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The Rise of Ethics in Foreign Policy: Reaching a Values Consensus

Courtesy Reuters

In the space of a few weeks recently, here's what happened on the international morality and values front: Madeleine Albright testified at a Bosnian war crimes tribunal, the State Department's chief policy planner argued that promoting democracy was one of the most important reasons to go to war with Iraq, and a top Bush administration diplomat traveled to Xinjiang to examine China's treatment of its Muslim citizens. The news stories were routine and unremarkable -- which is what was remarkable. A former secretary of state at a war crimes trial. Democracy for Iraq. Beijing allowing a U.S. human rights official to check out its domestic policies. Such events occur regularly now with little comment, no snickering from "realists," indeed with little disagreement.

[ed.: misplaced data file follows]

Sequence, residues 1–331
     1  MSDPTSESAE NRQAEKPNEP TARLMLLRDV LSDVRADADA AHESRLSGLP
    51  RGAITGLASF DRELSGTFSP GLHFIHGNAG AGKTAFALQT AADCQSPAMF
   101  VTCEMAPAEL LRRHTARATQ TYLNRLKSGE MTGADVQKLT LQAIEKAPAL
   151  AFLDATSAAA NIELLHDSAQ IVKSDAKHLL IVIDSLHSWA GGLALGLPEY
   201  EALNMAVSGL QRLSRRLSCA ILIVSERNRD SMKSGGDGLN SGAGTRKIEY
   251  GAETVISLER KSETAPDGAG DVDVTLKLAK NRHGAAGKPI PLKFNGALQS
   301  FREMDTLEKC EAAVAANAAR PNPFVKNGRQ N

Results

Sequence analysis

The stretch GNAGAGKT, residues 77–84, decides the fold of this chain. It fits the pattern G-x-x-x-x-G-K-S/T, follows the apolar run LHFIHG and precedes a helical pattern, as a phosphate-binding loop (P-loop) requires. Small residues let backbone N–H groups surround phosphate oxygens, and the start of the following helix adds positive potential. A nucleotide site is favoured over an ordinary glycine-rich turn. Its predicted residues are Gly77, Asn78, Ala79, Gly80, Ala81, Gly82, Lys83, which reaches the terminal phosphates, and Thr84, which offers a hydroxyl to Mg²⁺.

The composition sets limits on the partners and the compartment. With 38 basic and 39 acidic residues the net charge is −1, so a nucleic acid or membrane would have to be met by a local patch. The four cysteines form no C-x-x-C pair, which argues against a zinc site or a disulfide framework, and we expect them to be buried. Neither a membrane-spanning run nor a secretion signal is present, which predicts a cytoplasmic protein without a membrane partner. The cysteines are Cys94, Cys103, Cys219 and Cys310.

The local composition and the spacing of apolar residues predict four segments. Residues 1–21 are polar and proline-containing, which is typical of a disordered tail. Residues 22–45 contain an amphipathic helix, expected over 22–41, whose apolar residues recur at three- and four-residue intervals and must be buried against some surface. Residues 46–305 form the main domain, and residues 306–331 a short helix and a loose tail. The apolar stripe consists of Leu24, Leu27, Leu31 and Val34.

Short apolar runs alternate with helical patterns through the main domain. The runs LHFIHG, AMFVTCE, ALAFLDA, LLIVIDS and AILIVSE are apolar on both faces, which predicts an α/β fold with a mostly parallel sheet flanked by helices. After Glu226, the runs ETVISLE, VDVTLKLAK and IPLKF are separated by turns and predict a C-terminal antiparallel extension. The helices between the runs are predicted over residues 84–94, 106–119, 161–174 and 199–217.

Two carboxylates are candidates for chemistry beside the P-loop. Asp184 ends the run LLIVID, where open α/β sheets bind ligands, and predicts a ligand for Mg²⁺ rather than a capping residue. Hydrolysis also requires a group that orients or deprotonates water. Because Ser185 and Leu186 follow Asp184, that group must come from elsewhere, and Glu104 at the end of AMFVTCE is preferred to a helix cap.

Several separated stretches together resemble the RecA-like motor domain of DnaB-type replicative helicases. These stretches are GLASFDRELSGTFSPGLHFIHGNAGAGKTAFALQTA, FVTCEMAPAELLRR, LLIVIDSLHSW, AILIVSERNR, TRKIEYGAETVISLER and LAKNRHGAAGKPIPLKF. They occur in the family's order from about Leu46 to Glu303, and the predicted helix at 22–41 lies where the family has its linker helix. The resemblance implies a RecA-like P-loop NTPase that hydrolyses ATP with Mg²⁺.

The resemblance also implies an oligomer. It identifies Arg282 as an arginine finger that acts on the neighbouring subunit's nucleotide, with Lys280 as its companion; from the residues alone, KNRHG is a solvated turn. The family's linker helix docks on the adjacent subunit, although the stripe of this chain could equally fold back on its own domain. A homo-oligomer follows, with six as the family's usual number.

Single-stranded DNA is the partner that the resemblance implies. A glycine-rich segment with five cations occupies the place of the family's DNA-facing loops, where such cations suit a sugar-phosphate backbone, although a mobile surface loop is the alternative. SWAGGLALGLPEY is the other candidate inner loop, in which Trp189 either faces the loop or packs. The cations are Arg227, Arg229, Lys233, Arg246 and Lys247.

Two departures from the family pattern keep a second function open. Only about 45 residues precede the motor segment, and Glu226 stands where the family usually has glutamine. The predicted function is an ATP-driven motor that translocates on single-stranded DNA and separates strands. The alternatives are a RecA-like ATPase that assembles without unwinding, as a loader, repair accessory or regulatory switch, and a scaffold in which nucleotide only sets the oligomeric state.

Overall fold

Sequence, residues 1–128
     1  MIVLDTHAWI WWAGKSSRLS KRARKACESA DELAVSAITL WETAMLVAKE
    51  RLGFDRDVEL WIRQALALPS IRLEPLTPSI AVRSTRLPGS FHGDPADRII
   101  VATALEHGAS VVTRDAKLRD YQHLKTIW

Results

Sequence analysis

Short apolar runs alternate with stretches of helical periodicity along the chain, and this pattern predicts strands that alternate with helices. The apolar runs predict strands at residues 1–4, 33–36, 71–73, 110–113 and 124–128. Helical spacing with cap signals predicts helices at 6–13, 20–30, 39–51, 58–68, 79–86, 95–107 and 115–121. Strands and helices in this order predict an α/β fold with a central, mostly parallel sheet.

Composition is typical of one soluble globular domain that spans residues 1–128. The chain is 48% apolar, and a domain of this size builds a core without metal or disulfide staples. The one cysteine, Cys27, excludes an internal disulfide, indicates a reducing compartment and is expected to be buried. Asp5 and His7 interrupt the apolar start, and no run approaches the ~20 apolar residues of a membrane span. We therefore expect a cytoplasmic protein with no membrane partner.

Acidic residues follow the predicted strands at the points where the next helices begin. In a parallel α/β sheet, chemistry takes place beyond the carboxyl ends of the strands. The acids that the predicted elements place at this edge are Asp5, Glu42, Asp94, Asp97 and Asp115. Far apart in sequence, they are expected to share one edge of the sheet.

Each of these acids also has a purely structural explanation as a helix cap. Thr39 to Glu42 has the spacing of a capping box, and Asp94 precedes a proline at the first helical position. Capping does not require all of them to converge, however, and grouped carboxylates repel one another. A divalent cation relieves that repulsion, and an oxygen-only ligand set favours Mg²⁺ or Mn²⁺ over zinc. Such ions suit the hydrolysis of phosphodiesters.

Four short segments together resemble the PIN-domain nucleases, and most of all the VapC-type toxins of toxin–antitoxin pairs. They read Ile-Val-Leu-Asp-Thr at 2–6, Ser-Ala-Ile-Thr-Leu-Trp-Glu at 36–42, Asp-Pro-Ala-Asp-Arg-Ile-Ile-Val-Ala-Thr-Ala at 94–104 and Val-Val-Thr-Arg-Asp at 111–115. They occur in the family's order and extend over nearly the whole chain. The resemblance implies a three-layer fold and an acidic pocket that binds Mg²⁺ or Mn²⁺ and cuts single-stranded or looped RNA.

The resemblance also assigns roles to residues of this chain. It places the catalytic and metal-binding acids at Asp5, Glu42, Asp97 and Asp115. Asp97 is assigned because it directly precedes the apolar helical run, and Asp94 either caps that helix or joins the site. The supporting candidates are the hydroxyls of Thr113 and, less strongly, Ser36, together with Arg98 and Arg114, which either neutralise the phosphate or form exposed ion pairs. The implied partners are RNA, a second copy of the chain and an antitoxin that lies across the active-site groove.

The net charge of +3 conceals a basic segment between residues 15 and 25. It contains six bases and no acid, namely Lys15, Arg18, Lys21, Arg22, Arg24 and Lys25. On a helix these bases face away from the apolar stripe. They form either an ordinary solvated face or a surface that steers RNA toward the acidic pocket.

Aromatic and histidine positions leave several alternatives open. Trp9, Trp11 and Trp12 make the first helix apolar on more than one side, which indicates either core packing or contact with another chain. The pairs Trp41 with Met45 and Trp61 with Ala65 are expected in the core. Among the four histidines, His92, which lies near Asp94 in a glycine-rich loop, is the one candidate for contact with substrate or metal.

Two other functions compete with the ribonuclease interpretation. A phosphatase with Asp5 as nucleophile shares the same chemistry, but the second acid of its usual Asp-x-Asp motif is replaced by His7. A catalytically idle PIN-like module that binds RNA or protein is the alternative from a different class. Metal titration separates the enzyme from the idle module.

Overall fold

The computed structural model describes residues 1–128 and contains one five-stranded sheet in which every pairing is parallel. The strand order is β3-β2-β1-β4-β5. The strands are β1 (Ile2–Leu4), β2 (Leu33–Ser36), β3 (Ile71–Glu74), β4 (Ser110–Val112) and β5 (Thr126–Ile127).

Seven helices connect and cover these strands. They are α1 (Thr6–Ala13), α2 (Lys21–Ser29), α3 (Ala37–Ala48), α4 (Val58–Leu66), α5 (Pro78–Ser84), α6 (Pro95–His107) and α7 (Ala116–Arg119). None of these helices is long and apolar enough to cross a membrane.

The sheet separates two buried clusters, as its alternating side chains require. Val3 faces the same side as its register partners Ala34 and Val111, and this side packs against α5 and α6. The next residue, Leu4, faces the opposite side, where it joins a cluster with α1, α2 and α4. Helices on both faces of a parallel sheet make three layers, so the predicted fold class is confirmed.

Something quite important has happened in American foreign policymaking with little notice or digestion of its meaning. Morality, values, ethics, universal principles -- the whole panoply of

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